High Court Leans Toward Employers in ‘Brinker’

SAN FRANCISCO — Management-side employment lawyers were optimistic after the California Supreme Court held oral argument Tuesday in a case involving state-mandated meal and rest breaks — arguably the hottest case on the court’s 2011 docket.

The court seemed inclined to agree with employers that they merely have to provide workers with breaks, not make sure they get to take them.

Some 70 amici curiae voiced opinions in Brinker v. Superior Court (Hohnbaum), S166350, on the wage-and-hour suit filed by a proposed class of an estimated 60,000 hourly workers against Brinker Restaurant Corp., which operates restaurant chains such as Chili’s and Macaroni Grill.

The newest addition to the bench, Justice Goodwin Liu, emerged on Tuesday as one of the most active questioners on the high court. He was dismissive of the idea that employers should make sure that workers take their breaks.

“Isn’t the hallmark of a meal period that the employer is essentially supposed to suspend control over that employee?” Liu asked Kimberly Kralowec of the Kralowec Law Group in San Francisco, who represents the plaintiffs on appeal.

“No,” Kralowec answered. “Suspending control is part of it, but the employer has a responsibility to ensure the employee isn’t working.”

But Liu — along with Justices Marvin Baxter and Joyce Kennard — didn’t like that idea.

“Isn’t that kind of coercive, counsel?” Liu asked. “Isn’t the most worker-friendly interpretation that the worker should be able to do whatever they want during the meal period?”

A San Diego judge certified the proposed class of Brinker employees in 2006. But the Fourth District Court of Appeal said the employer can’t be held liable if workers don’t take their breaks, and said there wasn’t enough commonality for the claims to proceed as a class.

Lawyers watching the oral arguments on Tuesday sensed the court will most likely issue a nuanced ruling.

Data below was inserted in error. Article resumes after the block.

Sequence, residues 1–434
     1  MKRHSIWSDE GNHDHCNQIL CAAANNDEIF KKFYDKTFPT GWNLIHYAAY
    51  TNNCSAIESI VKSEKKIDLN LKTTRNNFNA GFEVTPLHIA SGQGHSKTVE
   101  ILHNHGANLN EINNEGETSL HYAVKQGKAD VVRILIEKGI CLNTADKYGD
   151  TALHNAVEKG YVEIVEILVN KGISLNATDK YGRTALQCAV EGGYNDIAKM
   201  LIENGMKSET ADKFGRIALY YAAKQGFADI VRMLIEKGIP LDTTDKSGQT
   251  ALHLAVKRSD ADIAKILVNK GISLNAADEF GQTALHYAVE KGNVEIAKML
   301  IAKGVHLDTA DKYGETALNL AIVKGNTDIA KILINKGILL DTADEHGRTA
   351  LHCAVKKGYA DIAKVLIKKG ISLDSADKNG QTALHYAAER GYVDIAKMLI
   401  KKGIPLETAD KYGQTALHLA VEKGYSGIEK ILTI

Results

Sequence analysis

“I think the court is going to stake out a little bit of a compromise decision,” said Rudy Exelrod Zieff & Lowe partner David Lowe, a plaintiff-side employment lawyer who wasn’t involved in the case who tuned in to a webcast of the proceedings.

The court’s likely to adopt some version of the “make available” standard, he said, but “they may also include some language in the opinion emphasizing that employers may not impede or discourage or dissuade workers from taking those breaks.”

In particular, some of the justices seemed open to Altshuler Berzon partner Michael Rubin’s argument that the Fourth District erred in completely throwing out the class certification order — particularly as it relates to the plaintiffs’ claims about missing rest breaks.

Felicia Reid, a partner in the San Francisco office of Curiale Hirschfeld Kraemer, suspects that if the court chooses the more relaxed standard for employers, the ruling will also create safeguards for workers.

“There is a whole host of things they may decide need to be put in place if they’re going to move away from the strict liability standard that plaintiffs have been arguing in the past four or five years in these big class actions,” Reid said.

During oral argument, Kralowec argued that making sure workers don’t work during breaks is not a new standard — it’s the same as making sure they don’t work overtime without permission.

But the justices were hung up on the idea that a worker could be fired for disobeying that policy and working through a break.

Kennard at one point, gesticulating dramatically, threw out a hypothetical about a nurse being forced to take a meal break in the middle of saving a patient’s life.

“You would like to see some flexibility, and as I see it, that’s what the big fight is about,” Kennard said to Rex Heinke, the Akin Gump Strauss Hauer & Feld partner who represents Brinker.